"It gets awesome really fast," a separated friend told me on Facebook, a few weeks after I moved into my own place. "All the storage! Whatever you want for dinner! Your own schedule!" And, certainly, there's some truth and wisdom to what she said. It's fabulous not feeling like you're capitulating to someone else when it comes to dining choices, and not worrying about putting down the toilet seat, and being able to live, briefly, like a slob, because you've allowed work stress to body you. Living alone isn't terrible; it's freeing to go for long walks without comment upon return. It's a relief to not have to listen to a crazy dog exploding at mid-day at the slightest sound. After a bit, I started enjoying having the bed to myself, and began to get decent amounts of sleep.
Yet for all that, two months into bachelorhood, a vague emptiness persists: it doesn't matter whether I watch a movie, or decamp for Baltimore for the weekend, commit myself to writing something particularly satisfying, or immerse myself in work. The feeling abates somewhat when I visit my son during the week and when he's here, but it lurks in the margins, waiting to pounce, to stare me down. Most of my time is mine, but oddly, I don't necessarily want to spend it the way I thought I would when, in the past, I'd fantasize about having it to myself: for the most part I'm not inclined to talk to anyone on the telephone, or Skype much, or email, or catch up on reading, or sleep in. Films are an exception, except that most of what plays locally is laughable. There are thrills to be had, and I try to treasure them, in looking ahead to the future: projects long gestating, personal goals that had seemed mostly unachieved, travelling I want to do, debts to be reduced.
The apartment I call home now is pretty much a dump, but an acceptable one, with its ancient baseboard heaters and lamentable cabinets and energy-inefficient window frames and a toilet around which the floor seems slightly indented. Everything has its place, and somehow I've been able to keep it from turning into a pit, but a survey reveals deficiencies: a card table is not a dining room table, the walls are too bare, a vacuum is needed for the one rug, empty spaces beg for furniture or vases or conversation pieces, even though almost no one comes here and I don't feel compelled to invite anybody over. A signpost of independence can at the same time telegraph some degree of personal failure, and anyway, everyone lives too far away, and they have their own cluttered lives to live.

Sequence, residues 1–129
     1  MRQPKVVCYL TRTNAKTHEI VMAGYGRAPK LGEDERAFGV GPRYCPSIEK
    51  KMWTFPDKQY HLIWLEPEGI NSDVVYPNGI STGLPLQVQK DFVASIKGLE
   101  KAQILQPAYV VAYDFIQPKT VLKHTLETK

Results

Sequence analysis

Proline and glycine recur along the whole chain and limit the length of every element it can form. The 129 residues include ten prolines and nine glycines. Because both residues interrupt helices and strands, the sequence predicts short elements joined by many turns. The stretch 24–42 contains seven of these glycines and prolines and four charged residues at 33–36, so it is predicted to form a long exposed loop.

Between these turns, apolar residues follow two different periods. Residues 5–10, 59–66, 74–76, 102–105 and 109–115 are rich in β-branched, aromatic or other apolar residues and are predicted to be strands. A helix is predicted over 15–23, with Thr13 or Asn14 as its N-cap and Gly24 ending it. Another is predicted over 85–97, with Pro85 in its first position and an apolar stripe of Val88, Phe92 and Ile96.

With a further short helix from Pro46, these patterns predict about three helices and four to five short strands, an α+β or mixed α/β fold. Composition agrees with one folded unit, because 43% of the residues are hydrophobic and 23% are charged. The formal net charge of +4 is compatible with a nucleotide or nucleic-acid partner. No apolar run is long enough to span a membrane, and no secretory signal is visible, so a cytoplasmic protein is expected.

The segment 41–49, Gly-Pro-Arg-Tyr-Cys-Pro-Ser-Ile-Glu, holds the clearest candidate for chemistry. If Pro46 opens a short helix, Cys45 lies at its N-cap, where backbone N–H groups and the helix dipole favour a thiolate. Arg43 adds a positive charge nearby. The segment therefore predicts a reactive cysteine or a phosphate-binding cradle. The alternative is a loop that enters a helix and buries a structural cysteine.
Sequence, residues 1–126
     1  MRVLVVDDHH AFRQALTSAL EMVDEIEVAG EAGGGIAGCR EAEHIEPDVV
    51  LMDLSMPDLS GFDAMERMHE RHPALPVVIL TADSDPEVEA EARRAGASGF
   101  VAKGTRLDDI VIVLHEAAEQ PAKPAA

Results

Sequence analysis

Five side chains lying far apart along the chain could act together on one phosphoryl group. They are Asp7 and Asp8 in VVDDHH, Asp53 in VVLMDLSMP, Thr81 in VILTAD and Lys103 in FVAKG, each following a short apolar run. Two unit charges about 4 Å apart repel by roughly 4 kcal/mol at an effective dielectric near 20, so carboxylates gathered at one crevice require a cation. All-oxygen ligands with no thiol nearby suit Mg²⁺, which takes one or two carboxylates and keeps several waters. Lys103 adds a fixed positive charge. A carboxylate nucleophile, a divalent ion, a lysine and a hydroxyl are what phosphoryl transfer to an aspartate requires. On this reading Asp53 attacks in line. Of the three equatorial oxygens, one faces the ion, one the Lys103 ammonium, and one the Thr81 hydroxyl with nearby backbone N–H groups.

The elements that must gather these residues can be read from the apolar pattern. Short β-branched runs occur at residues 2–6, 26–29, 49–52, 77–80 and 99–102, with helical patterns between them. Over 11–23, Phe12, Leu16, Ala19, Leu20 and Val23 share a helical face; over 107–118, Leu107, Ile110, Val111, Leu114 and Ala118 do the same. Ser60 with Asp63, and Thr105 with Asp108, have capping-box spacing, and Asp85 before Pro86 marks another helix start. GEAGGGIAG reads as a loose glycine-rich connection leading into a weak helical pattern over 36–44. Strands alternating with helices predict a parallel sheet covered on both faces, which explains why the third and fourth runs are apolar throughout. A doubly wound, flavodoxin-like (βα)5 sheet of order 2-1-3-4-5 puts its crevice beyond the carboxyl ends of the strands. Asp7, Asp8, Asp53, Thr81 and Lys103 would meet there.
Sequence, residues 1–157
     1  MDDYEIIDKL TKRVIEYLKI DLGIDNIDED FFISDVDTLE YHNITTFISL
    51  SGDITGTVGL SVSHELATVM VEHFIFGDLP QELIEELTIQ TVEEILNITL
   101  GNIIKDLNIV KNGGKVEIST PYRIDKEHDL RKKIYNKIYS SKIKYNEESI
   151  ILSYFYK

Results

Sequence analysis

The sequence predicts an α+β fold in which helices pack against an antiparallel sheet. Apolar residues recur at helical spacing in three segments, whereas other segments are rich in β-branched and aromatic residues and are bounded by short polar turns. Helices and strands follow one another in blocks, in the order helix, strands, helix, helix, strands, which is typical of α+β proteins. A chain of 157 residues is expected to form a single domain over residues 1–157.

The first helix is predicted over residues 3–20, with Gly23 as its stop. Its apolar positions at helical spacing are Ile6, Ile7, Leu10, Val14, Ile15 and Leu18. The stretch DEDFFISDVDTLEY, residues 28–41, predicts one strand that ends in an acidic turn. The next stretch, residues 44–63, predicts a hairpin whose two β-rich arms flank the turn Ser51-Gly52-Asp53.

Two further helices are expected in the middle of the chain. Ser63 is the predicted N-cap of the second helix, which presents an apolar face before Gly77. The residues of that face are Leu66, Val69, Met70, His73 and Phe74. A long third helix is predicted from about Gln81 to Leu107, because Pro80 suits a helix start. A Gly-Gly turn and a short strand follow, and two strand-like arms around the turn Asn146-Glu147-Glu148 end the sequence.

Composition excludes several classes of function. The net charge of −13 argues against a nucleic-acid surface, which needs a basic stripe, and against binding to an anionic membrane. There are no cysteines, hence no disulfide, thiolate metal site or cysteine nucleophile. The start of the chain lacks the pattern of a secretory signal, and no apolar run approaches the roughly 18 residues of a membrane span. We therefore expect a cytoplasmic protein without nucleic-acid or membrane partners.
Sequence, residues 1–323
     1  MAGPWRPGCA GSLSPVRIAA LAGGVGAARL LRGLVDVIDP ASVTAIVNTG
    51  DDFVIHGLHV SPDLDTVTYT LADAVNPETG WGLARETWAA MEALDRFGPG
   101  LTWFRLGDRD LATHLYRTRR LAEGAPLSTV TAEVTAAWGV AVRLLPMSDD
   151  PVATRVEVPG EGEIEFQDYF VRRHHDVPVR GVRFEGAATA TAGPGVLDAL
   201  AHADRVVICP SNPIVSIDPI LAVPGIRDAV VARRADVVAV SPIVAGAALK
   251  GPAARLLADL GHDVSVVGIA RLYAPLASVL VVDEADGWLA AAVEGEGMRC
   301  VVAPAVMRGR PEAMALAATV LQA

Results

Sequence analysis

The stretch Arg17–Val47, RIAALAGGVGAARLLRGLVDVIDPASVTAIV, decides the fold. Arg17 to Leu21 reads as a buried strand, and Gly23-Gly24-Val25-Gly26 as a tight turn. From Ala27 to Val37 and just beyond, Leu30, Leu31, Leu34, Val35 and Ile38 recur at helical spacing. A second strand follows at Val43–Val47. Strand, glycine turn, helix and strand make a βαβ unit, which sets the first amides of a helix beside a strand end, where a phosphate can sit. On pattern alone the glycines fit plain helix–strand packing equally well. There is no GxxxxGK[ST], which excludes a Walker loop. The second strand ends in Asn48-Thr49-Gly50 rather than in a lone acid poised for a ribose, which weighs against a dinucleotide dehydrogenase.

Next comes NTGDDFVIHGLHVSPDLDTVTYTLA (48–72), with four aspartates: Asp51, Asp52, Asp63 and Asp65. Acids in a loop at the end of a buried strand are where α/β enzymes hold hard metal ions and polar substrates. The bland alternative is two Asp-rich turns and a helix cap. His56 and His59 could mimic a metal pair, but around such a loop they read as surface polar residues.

Another friend who went through her own divorce a few years back recommended that I make some friends, the kind I could drink with and go to parties with, but what I'm realizing is that a) I have no idea how to do this and b) I probably don't have the energy for it. The thought of actively trying to accomplish this—not via an ad, forget that—in real-time seems incomprehensible, impossible. The folks in the local poetry group I've joined are wonderful, but I wouldn't want to impose there, and otherwise I'm surrounded by college students. You know life is weird when you're on a first-name basis with a dude who works Walmart shifts at the same time you usually shop there, and when the only person who approaches you to strike up a conversation on your block is the voluble, visiting Australian boyfriend of a co-ed neighbor who, inexplicably, is fascinated by all things America and genuinely wants to become your friend—and you're too stilted and out of it to process the reality of that fact.
On the other hand, the first abstract art piece I ever purchased and had mounted should be ready for pickup soon, my parents are coming to visit, and in a couple weekends I'll break bread with good friends I haven't seen in eons. My job seems secure, and I'm making some progress in other areas. Life could be a lot worse.